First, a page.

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San Francisco’s Asian night market confirmed to kick off Sept. 15

Supervisor Joel Engardio wants to create an Asian-style night market in San Francisco. | Sam Yeh/AFP/Getty Images | Source: Sam Yeh/AFP/Getty Images

Thinking about enjoying a plate of sizzling fried noodles and grilled squid on a San Francisco street after dark, as millions of people in Asia do? One San Francisco supervisor is working on making it happen.

In April, Supervisor Joel Engardio confirmed to The Standard that he was “deep in the planning stages” of bringing an Asian-style night market to the Sunset District, where many Asian Americans reside.

“The night market is more than just food,” Engardio said. “It’s a joyous time that brings the community together.”

Engardio has been advocating the night market idea on social media since a trip to Taiwan last year with his husband, a Taiwanese immigrant. Chinese-language media also has written extensively about his ambitious plan.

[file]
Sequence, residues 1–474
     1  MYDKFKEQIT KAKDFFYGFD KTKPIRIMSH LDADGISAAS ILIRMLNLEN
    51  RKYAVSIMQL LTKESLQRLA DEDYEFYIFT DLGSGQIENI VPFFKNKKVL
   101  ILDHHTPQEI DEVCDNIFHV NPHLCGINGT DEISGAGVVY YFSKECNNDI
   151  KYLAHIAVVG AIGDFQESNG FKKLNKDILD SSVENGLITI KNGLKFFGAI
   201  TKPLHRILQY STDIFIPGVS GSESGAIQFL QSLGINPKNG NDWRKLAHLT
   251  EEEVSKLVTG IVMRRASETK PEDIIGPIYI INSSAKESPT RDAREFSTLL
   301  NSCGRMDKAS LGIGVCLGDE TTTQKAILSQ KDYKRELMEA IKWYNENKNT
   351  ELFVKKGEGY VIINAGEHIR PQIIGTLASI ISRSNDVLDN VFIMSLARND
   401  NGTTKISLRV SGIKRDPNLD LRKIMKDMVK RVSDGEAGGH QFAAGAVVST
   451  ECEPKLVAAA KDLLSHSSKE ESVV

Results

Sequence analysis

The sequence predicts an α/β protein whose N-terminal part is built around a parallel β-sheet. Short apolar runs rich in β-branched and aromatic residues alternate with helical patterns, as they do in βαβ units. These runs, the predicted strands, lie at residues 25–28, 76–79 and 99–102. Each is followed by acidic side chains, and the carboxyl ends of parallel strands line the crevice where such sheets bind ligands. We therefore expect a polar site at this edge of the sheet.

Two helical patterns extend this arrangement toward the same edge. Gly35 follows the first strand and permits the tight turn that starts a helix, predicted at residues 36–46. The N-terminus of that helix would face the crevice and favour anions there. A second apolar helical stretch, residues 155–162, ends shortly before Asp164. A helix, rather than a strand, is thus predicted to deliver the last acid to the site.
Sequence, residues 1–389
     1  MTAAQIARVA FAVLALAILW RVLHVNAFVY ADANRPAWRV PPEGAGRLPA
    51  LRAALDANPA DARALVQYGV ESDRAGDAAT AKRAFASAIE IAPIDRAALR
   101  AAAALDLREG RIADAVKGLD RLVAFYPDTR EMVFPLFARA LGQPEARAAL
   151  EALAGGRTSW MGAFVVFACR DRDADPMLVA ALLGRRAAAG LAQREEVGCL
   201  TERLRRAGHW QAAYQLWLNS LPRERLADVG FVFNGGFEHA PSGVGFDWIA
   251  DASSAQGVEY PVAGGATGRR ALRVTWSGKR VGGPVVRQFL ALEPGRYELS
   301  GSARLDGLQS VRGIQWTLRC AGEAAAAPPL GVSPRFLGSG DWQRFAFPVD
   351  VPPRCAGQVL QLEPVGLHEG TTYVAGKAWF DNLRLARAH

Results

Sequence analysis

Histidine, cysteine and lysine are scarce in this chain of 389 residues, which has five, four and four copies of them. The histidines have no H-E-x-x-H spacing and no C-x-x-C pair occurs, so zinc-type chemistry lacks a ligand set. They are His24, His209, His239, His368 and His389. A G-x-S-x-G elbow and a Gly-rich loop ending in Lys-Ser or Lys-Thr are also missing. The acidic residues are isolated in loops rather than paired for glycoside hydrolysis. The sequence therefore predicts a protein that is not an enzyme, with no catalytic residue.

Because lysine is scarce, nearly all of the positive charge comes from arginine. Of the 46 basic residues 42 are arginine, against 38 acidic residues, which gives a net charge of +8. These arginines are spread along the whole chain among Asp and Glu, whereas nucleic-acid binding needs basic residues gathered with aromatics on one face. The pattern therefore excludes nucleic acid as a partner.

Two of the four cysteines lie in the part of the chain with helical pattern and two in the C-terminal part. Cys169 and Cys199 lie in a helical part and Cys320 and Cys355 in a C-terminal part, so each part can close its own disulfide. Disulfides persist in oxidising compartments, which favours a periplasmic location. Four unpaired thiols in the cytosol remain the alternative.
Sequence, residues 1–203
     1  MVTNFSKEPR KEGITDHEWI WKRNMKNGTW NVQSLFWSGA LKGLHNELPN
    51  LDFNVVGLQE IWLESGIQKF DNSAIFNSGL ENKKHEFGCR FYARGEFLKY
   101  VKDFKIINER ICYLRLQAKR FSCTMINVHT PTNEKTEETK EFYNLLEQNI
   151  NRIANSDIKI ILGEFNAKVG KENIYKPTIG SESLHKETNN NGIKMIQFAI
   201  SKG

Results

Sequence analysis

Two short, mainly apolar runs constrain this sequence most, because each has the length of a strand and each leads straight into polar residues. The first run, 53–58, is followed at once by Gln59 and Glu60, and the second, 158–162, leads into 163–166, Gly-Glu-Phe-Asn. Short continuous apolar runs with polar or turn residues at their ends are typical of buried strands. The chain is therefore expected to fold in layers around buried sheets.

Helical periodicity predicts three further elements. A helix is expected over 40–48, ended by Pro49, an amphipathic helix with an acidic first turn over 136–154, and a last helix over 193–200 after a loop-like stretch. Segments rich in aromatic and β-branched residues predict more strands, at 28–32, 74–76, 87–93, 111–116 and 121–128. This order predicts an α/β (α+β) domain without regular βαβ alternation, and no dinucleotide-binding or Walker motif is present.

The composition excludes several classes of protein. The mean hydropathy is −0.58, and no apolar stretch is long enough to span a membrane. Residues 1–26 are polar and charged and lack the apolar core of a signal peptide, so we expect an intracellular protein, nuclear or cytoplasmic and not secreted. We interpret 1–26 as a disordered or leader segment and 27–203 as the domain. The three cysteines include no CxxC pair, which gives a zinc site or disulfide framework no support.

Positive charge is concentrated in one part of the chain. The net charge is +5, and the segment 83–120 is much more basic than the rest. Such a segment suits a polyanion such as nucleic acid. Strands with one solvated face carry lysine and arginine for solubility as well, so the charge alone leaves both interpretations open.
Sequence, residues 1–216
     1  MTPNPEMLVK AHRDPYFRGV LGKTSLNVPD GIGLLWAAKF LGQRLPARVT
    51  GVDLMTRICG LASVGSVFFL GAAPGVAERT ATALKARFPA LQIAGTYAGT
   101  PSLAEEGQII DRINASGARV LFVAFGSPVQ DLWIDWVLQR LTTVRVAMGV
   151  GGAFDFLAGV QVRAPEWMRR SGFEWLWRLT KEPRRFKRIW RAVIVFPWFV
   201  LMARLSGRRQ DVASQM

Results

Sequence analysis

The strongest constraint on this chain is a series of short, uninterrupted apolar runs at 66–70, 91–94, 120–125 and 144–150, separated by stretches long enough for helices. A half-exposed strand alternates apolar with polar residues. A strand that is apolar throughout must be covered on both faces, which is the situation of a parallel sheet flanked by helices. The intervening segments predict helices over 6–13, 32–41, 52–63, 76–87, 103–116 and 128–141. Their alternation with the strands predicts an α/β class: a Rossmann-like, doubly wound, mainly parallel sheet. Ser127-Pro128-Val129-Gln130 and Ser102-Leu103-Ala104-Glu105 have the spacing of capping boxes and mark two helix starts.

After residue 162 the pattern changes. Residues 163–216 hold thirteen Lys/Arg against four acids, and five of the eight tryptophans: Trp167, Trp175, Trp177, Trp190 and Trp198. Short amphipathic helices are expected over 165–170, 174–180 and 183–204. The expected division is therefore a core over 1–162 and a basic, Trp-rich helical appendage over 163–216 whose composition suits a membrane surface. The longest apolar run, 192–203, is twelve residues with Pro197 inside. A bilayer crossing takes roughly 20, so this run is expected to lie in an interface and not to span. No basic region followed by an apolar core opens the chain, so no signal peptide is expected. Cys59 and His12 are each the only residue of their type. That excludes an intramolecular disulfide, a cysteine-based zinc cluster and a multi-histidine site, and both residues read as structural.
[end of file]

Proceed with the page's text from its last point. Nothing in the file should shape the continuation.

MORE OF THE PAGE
The supervisor told The Standard that he’s meeting with city departments and merchants about a pilot program that would create a Friday night market with cooking vendors and stalls on Irving Street between 20th and 24th avenues, from 5 p.m. to 10 p.m.

The San Francisco Chronicle first reported that the launch date would be Sept. 15. Engardio later confirmed this date with The Standard.

Still, if the pilot succeeds, the night market will become a monthly event in 2024, Engardio said.

Tourists and locals walk around Raohe night market, one of the most popular in Taipei. | Craig Ferguson/LightRocket via Getty Images

It’s not an easy job to transplant the longstanding food culture in Asia to San Francisco—not only because of the normally chilly summer weather, but also a difficult bureaucratic system for health and street closure permits that invariably involve numerous city departments.

The San Francisco Department of Public Health told The Standard that this type of night market requires a temporary event permit from the department to protect the customers from food-related illness. The department said it hasn't received any applications yet but is ready to assist the applicants through the process.

Engardio revealed that he’s working with state lawmakers to make some changes next year to ease certain restrictions for hosting night markets.

Currently, there are smaller-scale night market gatherings across San Francisco, while one of the most popular events, 626 Night Market, opted to set up in the comparatively warmer East Bay suburb of Pleasanton.